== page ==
Prescription Pressures: 'It did help with the grades, quite a bit'
EUGENE, Ore. - As many as 1 in 3 college students admit to using pharmaceuticals to give them the competitive edge in academics.
Yet medical professionals are finding that some students are becoming addicted when using those pharmaceutical shortcuts.
Addiction specialist Dr. Ron Schwerzler said some students looking to boost their study habits use prescription drugs containing methylphenidate, which is found in brands like Adderall, Ritalin or Provigil.
"It made school easier. It made work easier, and then it made life easier," one University of Oregon student told our KVAL News team on condition of anonymity.
Schwerzler helped put KVAL News in contact with students willing to talk about their use of the drugs.
They are stimulants initially prescribed in the 1990s to help boost focus in children with Attention Deficit Disorder.
"I think the past five years particularly, not a rise so much in methamphetamine illegally, but we've seen a lot of the legal amphetamines being misused by adolescents and young adults," Schwerzler said.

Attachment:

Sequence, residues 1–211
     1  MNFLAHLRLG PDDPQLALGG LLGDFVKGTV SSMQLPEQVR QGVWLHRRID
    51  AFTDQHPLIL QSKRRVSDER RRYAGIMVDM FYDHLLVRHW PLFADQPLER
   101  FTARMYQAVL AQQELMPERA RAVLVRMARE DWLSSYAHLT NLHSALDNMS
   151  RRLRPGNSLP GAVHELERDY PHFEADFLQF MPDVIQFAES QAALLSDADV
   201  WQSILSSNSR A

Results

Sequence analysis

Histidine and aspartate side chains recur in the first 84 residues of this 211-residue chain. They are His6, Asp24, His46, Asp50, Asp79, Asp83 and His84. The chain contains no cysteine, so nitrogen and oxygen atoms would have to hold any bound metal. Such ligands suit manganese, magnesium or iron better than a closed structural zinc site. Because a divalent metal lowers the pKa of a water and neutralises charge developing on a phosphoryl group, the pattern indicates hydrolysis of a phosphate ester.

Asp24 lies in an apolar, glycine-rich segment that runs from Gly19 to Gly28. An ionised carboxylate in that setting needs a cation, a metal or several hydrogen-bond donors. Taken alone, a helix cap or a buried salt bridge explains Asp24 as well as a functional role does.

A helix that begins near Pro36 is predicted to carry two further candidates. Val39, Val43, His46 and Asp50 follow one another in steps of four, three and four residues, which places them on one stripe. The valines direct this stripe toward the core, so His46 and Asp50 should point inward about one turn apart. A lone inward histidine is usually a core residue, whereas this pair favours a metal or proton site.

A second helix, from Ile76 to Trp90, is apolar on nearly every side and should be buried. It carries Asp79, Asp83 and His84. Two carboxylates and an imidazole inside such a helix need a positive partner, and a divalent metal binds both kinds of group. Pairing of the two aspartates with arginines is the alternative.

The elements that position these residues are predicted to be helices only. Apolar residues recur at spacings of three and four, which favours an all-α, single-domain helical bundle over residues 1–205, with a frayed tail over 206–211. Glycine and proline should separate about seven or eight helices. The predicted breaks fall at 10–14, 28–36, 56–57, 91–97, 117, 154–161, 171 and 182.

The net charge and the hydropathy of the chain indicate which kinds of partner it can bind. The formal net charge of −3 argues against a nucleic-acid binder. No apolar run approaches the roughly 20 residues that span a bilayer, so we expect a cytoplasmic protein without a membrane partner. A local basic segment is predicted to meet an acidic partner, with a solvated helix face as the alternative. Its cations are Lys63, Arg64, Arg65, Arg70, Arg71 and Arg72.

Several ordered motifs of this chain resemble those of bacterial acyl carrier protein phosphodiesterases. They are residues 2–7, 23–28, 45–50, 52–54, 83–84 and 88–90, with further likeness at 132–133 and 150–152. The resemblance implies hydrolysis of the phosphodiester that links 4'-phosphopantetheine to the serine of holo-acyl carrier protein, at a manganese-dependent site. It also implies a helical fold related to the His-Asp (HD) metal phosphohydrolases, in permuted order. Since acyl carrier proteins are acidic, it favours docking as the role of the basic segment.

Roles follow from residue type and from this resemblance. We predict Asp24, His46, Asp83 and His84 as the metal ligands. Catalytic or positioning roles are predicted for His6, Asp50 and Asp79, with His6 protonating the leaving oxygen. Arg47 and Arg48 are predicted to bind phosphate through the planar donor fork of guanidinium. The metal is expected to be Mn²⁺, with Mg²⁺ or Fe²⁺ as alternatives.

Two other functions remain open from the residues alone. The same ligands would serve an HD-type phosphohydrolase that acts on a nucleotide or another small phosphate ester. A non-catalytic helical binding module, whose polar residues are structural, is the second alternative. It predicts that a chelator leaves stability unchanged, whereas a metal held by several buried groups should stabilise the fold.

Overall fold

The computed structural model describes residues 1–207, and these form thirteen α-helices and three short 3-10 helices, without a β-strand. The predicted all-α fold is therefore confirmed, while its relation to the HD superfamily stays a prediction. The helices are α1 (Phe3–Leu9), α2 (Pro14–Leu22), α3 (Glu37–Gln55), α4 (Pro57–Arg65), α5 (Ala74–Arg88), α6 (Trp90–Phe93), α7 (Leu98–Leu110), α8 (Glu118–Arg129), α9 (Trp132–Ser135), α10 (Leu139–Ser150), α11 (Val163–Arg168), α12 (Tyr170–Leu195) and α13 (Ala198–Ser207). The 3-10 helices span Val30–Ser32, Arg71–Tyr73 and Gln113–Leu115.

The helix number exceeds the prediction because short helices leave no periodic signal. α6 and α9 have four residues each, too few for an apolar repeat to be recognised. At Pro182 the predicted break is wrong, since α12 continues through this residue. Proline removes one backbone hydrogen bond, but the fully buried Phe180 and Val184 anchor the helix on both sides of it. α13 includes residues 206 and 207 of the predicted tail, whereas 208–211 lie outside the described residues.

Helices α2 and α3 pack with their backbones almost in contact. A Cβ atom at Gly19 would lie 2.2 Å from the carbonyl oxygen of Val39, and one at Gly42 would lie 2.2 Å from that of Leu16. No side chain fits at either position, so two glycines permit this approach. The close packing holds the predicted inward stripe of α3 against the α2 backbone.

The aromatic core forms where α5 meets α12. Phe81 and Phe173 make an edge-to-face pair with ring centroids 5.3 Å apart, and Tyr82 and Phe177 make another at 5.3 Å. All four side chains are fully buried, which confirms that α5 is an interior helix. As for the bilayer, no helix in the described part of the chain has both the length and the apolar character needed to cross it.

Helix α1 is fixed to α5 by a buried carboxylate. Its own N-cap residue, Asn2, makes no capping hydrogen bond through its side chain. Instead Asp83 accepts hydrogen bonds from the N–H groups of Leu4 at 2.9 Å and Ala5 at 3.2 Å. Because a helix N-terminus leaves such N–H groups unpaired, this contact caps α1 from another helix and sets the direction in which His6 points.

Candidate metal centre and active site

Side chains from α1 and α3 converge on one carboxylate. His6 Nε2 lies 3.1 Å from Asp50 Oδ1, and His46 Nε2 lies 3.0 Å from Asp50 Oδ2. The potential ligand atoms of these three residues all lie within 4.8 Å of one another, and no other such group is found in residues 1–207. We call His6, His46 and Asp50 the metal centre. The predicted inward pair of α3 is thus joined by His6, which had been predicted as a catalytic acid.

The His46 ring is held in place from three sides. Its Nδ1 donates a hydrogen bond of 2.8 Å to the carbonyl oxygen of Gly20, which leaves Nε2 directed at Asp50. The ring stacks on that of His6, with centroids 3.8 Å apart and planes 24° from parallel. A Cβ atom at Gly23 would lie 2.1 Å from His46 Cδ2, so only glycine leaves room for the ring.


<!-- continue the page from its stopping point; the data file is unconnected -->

Abuse of methylphenidate is growing on college campuses. One UO student told KVAL News he used to make quite a lot of money selling his Adderall prescription.
"A good 80 bucks a week, towards the end," the student said.
Why are so many young adults abusing these medications?
"It did help with the grades, quite a bit. It's almost like an unfair advantage," another student said. "Feeling pressure to get it all done at once, so I'd take Adderall or other substances."
Schwerzler said drugs like Adderall and Ritalin are considered Schedule II controlled substances, regulated the same as other addictive narcotics like oxycodone, methadone, and even forms of cocaine.
"I think the main thing about them is that they are addicting," he said.